Can social psychology theories explain lockdown behaviours?

Can social psychology theories explain lockdown behaviours?
2020-05-20

I moved to Aberdeen in August so this my first spring here. When I imagined living in Scotland in spring, I thought about the wild beauty of the Grampian and Cairngorm mountains, the crisp sunshine of May, and the stunning, rolling Aberdeenshire countryside. I never imagined that, less than a year into life here, I would be packing up my office and physically leaving the School. It was actually really quite emotional for me to leave the building. I think we were all wondering: what will life look like in lockdown?

One thing which stood out for me when I arrived at Aberdeen is the founding aim of the University: open to all and dedicated to the pursuit of truth in the service of othersOver five hundred years old, and that is still our aim today. That is truly powerful. In fact, when you think about it, the motto is very powerful indeed. It tells us that Aberdeen University is not an ivory tower separated from society. Instead, we are a gathering of people whose purpose is to build expertise, ultimately in order to serve society.

In dealing with the anxiety and confusion caused by Covid-19, I thought about our University aim. It’s a little bit outside of my comfort zone but I was inspired to join a collective psychological study, run by the Psychological Accelerator which brings together research expertise across the world (1). We’re running a study aimed at understanding how to increase resilience and decrease anxiety in dealing with Covid-19 (2). Together, the study is being run by 190 labs across the world and we hope to recruit over 47,000 participants. If you would like to take part, the study can be found here. It will take around 30 minutes. I hope the study results will give us some really powerful psychological tools in our fight against Covid-19!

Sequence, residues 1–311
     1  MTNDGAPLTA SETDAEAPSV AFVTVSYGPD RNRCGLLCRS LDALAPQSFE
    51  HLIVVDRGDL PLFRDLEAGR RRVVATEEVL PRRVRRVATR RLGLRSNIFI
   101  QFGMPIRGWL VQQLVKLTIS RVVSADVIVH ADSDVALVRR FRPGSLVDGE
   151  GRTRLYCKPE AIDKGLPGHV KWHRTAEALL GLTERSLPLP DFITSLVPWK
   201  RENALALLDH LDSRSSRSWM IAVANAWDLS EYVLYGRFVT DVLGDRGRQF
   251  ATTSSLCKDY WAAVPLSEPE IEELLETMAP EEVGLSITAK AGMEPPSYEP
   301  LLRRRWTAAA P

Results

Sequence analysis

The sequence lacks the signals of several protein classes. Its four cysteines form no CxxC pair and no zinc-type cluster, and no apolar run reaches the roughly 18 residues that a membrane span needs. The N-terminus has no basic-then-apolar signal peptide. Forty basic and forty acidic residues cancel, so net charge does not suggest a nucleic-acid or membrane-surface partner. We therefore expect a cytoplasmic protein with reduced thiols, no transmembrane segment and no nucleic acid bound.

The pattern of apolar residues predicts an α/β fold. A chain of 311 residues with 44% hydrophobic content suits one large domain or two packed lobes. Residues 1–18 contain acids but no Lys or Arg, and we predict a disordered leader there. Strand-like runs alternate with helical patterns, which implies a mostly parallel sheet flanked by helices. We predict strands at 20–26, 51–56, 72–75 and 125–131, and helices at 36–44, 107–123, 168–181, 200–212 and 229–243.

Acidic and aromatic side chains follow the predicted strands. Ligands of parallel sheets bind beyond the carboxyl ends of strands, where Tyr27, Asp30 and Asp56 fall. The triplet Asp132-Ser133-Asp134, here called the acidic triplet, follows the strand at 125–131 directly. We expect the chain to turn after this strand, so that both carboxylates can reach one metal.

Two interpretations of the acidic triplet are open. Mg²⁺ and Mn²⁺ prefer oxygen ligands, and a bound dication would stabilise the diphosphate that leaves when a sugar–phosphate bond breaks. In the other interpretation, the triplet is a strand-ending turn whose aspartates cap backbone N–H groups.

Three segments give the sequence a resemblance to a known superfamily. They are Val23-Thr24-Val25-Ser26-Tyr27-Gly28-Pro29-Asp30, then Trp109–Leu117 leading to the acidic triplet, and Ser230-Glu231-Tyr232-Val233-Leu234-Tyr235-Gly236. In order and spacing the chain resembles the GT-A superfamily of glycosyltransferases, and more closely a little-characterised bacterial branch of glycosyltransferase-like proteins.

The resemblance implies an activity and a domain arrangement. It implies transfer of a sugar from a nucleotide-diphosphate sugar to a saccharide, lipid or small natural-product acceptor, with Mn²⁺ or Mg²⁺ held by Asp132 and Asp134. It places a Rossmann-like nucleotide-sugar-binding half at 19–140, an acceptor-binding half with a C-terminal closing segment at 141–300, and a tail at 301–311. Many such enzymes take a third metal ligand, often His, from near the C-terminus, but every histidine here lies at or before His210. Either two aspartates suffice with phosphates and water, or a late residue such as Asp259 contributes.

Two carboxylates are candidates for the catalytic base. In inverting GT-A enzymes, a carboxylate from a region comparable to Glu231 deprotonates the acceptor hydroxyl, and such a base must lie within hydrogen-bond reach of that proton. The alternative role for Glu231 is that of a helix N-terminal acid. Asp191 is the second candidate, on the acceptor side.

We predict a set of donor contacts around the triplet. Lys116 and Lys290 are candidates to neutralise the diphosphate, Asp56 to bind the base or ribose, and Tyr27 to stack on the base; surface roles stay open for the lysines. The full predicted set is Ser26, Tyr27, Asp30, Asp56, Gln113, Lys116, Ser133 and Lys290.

My own area of expertise is in social psychology with a particular focus on face perception. One reason I was drawn to social psychology is that it aims to explain phenomena in the real world and I think it has powerful insights to give us right now. Earlier this year I gave a lecture on social influence, and it has been really interesting relating these theories to some of the behaviours we’ve been seeing across the world. For example, social influence theories (3) suggest that people want things more when they’re scarce and also tend to follow what other people are doing, especially when people are uncertain….. sound familiar at all? Social psychology also gives us tools to change these behaviours: for example, memes helpfully emphasised a new, strong social norm not to stockpile toilet paper. Clear, consistent messages will be key to keeping these social norms going.

Perhaps the hardest part of lockdown is feeling socially as well as physically distant. So, I’m trying to keep in touch with colleagues and students as much as possible. I am lucky because a lot of my research can be conducted using online tools. I still go to staff coffee mornings, but I now meet my colleagues online. Aberdeen University is also very international in outlook and many of my students hail from all over the world. Before lockdown happened, we were already having virtual meetings – from Aberdeen to Italy, Germany, and even Australia! It’s just that now, my cat might zoom-bomb us…

When lockdown is over, the beautiful mountains, the rolling countryside, and the crisp sunshine (OK, we can hope) will still be here. In the meantime, the University might be virtual, but it is still very much open.

https://psysciacc.org/

https://www.testable.org/experiment/644/600912/start

https://www.youtube.com/watch?v=kv0sOX6Alrk

 

Dr Clare Sutherland is a Senior Lecturer in the School of Psychology

Published by The School of Psychology, University of Aberdeen

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